Working with high and low voltages

I want to build a smart outlet using a solid state relay. I also want to keep this project up to electrical code.

So pursuant to NEC 2008 section 800.133

Communications conductors shall not be placed in any raceway, compartment, outlet box, junction box, or similar fitting with conductors of electric light, power, Class 1, non–power-limited fire alarm, or medium-power network-powered broadband communications circuits.

Exception No. 1: Where all of the conductors of electric light, power, Class 1, non–power-limited fire alarm, and medium-power network-powered broadband communications circuits are separated from all of the conductors of communications circuits by a permanent barrier or listed divider.

Exception No. 2: Power conductors in outlet boxes, junction boxes, or similar fittings or compartments where such conductors are introduced solely for power supply to communications equipment. The power circuit conductors shall be routed within the enclosure to maintain a minimum of 6 mm (0.25 in.) separation from the communications circuit conductors.

My plan then was to use a low voltage divider plate in a double gang box, but how do I connect the high voltage components with the divider there? Can I cut the divider and use PVC conduit to protect the high voltage components? Would heat shrink be insulation enough?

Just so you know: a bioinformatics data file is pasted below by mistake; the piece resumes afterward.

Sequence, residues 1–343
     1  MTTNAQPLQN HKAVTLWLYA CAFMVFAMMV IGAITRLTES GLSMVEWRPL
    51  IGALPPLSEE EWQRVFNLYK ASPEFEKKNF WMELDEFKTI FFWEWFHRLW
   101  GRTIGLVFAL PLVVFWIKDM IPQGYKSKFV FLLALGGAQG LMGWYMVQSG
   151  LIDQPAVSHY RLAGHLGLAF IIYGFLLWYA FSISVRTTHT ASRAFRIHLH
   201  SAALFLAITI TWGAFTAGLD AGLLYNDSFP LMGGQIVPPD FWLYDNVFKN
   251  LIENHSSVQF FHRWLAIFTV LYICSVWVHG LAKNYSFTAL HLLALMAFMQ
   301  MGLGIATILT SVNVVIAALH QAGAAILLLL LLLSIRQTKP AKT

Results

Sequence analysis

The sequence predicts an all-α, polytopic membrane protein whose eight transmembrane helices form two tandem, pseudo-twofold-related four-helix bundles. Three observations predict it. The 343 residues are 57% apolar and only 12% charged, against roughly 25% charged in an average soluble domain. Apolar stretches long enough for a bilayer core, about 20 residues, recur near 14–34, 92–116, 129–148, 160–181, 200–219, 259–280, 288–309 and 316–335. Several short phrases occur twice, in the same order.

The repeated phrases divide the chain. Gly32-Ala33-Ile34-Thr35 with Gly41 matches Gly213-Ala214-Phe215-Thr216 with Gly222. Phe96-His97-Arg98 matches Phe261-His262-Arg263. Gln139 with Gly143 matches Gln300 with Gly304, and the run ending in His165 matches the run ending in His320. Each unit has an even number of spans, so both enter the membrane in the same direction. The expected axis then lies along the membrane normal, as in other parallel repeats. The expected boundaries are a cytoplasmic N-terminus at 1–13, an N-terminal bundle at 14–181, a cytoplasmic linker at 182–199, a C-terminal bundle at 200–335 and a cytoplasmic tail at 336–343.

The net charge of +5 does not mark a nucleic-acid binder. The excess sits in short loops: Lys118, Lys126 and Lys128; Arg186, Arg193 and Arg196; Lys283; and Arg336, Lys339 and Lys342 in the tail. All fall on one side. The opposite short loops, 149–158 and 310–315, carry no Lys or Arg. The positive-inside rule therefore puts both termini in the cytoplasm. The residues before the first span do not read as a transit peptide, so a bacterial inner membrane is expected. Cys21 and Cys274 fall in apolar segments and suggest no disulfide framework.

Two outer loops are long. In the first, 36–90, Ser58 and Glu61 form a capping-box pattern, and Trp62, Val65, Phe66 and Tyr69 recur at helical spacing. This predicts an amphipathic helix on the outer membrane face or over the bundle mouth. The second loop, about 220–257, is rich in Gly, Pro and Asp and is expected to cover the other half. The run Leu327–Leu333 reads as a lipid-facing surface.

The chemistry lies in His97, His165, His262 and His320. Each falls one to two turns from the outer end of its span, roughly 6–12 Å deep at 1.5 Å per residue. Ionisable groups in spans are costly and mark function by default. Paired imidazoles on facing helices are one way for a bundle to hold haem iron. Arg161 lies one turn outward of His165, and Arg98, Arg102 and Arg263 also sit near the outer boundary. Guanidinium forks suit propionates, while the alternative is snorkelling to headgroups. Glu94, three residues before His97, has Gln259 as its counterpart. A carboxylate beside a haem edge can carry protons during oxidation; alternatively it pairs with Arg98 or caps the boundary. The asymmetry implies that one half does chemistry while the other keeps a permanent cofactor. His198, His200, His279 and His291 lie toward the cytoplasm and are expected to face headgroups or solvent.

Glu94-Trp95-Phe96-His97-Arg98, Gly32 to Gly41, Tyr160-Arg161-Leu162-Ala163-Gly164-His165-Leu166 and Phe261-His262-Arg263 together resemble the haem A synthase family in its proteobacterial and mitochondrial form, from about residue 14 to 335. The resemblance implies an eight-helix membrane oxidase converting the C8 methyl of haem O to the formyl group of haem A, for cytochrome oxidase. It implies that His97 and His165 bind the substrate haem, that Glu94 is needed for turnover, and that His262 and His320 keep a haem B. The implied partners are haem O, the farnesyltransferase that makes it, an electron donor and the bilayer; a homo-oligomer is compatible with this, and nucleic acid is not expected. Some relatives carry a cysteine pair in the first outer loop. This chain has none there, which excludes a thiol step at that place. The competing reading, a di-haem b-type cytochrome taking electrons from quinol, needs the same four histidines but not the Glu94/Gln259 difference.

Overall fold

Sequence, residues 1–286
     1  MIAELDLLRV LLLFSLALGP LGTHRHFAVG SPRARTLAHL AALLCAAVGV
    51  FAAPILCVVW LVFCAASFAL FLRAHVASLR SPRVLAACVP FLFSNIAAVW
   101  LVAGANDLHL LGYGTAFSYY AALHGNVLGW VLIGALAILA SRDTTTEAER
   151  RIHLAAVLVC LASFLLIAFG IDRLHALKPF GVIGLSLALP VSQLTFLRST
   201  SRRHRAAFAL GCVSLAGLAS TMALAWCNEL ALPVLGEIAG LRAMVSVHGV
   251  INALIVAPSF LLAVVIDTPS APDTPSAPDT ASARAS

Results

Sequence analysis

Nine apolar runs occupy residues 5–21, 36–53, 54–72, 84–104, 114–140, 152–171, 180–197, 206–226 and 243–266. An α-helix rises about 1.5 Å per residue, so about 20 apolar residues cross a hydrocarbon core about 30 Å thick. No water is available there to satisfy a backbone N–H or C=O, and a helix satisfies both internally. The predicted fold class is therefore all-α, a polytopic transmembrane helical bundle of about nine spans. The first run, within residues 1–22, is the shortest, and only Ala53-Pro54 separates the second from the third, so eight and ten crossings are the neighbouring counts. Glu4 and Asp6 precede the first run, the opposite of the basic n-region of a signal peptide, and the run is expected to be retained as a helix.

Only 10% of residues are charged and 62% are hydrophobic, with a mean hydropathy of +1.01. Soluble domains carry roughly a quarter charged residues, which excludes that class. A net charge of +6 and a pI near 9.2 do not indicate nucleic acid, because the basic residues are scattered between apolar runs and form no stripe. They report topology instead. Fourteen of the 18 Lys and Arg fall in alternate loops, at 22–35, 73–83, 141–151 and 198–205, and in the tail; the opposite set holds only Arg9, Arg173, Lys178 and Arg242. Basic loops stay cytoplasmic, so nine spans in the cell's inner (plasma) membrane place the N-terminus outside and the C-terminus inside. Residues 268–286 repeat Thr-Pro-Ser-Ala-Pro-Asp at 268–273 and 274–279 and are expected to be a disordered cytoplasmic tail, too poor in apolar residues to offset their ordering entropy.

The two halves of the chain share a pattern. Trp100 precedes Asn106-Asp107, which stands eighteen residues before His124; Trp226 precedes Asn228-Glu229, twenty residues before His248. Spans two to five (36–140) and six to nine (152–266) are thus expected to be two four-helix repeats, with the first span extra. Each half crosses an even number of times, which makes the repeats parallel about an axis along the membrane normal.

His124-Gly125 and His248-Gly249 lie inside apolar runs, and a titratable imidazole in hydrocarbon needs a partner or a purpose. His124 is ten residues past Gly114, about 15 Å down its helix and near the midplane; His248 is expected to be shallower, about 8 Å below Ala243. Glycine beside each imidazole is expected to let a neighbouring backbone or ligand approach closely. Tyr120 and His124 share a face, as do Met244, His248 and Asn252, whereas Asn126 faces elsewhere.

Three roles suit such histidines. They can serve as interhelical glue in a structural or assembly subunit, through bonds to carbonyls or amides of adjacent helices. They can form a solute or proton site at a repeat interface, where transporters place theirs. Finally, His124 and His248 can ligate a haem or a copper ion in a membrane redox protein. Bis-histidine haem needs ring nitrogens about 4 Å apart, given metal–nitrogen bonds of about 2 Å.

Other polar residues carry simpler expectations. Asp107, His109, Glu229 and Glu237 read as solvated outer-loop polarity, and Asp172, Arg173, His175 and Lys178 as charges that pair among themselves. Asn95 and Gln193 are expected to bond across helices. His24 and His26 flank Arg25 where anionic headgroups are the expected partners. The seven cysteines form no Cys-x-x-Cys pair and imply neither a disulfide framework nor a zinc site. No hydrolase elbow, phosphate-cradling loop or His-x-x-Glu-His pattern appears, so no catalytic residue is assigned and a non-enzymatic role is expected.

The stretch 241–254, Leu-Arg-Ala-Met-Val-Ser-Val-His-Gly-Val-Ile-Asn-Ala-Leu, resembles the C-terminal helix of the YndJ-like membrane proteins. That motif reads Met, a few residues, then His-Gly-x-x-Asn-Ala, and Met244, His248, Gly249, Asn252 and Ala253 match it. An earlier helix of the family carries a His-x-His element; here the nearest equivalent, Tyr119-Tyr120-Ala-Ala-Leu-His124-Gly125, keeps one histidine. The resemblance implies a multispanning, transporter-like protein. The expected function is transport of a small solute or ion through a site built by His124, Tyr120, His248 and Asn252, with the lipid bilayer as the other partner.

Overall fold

I won't attempt to decipher the requirements. At some point there is a relay with half the relay on the high-voltage "side" and half on the low-voltage side...

I want to build a smart outlet using a solid state relay.

The "smart" thing to do is to buy one! :P Commercial home-automation outlets are self-contained with no low-voltage connections coming out of the device. [u]X-10[/u] uses an RF signal over the existing AC wiring. The Z-Wave protocol is wireless RF, and Insteon uses both.

As you know, there are lots of engineering & construction challenges and it's just a lot easier (and probably cheaper) to buy something. I'd recommend buying your controlled outlet, and switches/dimmers (if any), and then if you really want to build something yourself, build the controller(s).

And in any case, I'd recommend sticking with one of the existing home automation protocols. It makes it a lot easier & quicker if you want to upgrade or expand, or if something fails and you need to replace it.

I've had a combination X-10/Insteon system for many years. I've got about 10 controlled lights & outlets and a master timer-controller that's programmed with the computer and then runs stand-alone. Plus, I've got a few wired & wireless "manual" remote controllers around the house. The setup I have can't be controlled over the Internet or with my phone, that could easily be added.

I didn't build any of it myself, except I made a "sunrise dimmer" that plugs into an X-10 controlled outlet. The X-10 master timer/controller turns-on the outlet 10 minutes before my alarm goes off, and the little gizmo I built starts fading-up the light over a 10 minute period. Then after an hour, the X-10 system turns-off the outlet.